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Counter-drone strategy welcomed

The UK Government’s counter unmanned aircraft strategy has been welcomed.

The drone disruption to Gatwick Airports over 2018 Christmas was a wakeup call for the UK and the rest of the world over the impact of malicious drone use, a foreword to the document admits by Home Office security minister Brandon Lewis; and transport security minister Baroness Vere of Norbiton. They also admitted that ‘tackling malicious drone use is not easy’.

Hence the need for a ‘comprehensive and layered approach’, that will ‘need to blend technological innovation with legislation, regulation and education’. Yet while Government can do the law and regulation, the foreword made plain that ‘at risk’ private industry will have to look after themselves (as what the document termed ‘operational responders’, besides the police), or as the foreword put it, businesses ‘will increasingly have to consider their vulnerability to malicious drone use, and how they should best mitigate it safely and legally’. Nor, as the foreword admitted, will the 38-page document ‘settle the matter’; rather, they described it as ‘a stepping stone’.

The document talked in terms of ‘deter, detect and disrupt’ against malicious drone use, in line with other fields of crime; noticeably absent is any prosecution of offenders. Sussex Police have not brought anyone to justice for the Gatwick drone incursion of December. The document admits that drones are being used to facilitate crime, ‘especially in prisons’, where they are used to smuggle drugs, phones and other contraband items to prisoners. That said, the document says the authorities’ main concern is ‘potential for misuse in support of terrorism, serious and organised crime, or disruption of critical national infrastructure’.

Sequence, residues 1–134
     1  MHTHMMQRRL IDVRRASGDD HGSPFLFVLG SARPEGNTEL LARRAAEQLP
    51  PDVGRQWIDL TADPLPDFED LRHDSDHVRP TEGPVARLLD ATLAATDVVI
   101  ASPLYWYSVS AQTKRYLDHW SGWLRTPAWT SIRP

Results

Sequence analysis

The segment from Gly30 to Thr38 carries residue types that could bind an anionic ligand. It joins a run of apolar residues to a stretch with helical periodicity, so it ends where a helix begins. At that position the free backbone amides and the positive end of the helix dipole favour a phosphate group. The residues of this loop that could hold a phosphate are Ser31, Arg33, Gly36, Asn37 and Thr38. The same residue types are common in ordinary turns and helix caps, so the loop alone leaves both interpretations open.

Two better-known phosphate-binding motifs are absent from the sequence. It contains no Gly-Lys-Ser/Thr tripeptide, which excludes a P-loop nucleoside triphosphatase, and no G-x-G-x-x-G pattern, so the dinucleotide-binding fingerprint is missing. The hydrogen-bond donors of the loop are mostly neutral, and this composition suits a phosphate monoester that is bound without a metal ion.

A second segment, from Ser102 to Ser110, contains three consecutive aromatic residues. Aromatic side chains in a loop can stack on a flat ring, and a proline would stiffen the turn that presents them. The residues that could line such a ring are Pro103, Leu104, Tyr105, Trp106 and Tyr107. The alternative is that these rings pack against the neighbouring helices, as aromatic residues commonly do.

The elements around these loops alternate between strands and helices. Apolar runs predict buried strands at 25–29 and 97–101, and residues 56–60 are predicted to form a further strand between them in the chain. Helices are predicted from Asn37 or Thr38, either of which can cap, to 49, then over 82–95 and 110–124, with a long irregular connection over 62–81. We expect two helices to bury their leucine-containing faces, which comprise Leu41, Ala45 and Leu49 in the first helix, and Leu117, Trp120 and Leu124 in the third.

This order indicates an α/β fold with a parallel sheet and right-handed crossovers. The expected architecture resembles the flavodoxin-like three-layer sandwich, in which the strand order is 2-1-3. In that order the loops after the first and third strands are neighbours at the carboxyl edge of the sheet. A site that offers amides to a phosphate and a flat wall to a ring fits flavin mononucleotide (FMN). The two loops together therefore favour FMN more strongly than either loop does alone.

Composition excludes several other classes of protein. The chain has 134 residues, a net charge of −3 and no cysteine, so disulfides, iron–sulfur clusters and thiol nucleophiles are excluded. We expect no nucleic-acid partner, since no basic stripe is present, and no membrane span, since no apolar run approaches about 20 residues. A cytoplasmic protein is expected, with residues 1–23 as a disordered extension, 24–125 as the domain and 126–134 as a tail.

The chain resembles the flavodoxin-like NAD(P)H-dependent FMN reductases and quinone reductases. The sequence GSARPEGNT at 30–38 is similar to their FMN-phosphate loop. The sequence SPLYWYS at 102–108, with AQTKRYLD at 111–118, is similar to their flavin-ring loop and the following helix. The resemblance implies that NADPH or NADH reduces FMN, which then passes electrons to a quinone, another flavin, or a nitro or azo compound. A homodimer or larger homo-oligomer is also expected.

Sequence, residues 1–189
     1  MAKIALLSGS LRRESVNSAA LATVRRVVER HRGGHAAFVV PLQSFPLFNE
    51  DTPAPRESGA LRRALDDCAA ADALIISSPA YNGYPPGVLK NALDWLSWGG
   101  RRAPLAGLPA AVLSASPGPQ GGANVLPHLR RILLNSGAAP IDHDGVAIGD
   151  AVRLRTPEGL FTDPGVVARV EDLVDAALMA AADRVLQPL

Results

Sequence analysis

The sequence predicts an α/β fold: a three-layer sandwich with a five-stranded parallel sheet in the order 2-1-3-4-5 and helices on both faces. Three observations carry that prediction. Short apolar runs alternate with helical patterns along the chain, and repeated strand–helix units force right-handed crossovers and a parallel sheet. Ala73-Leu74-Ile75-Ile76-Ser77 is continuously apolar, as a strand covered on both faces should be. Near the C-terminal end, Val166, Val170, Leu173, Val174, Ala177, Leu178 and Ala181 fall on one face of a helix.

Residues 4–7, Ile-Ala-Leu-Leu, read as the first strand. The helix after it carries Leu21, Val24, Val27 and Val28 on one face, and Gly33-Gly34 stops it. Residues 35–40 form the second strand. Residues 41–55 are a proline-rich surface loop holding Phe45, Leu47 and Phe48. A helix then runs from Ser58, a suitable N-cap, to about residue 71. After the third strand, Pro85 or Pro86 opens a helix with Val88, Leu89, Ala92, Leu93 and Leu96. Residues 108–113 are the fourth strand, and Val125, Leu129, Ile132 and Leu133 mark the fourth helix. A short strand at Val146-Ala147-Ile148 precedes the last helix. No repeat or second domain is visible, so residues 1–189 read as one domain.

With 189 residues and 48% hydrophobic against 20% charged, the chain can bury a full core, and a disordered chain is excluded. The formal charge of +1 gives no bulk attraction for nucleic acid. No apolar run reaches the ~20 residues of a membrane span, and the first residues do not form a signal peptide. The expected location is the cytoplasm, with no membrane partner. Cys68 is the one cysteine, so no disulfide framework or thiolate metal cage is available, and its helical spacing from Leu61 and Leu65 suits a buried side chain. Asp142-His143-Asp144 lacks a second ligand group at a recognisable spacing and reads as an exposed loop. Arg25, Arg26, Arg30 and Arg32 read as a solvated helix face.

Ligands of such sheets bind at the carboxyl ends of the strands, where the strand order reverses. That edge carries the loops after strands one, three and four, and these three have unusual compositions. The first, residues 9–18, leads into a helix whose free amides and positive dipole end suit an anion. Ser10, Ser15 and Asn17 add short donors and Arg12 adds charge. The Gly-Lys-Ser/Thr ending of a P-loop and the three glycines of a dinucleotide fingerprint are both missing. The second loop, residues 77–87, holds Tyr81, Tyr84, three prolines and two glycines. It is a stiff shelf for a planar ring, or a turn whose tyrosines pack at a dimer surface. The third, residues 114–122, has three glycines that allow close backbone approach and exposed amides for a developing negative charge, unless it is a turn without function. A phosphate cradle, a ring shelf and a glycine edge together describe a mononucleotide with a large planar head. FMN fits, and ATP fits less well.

The ministers wrote: “Careless and inconsiderate drone users can cause a nuisance and pose a safety risk to others. Ignorance is not an excuse, but we have already produced clear guidance that sets out the responsibilities of drone users, and planned legislation will make it easier for the police to act against reckless drone use. There are also those who would more deliberately use drones for criminal acts, whether that is to facilitate organised crime, to disrupt our national infrastructure, or to commit acts of terrorism.”

At the defence and security trade association ADS, Chief Executive Paul Everitt said that the strategy rightly recognises the huge potential benefits of drone use to society and our national prosperity.

“There are also risks from malicious use of drones that must be addressed and this strategy recognises that industry engagement should be central to making sure that regulation is effective and proportionate. We welcome the Government’s intention to share more information on threats and vulnerabilities to help focus and encourage investment in the innovation and development that can make the UK a pioneer in this exciting market.”

ADS has published a policy paper detailing risks from malicious drone use and technologies available to tackle it.

Picture by Mark Rowe; Hampshire Police signage in June 2019 at Southsea prohibiting drones during the D-Day anniversary celebrations.


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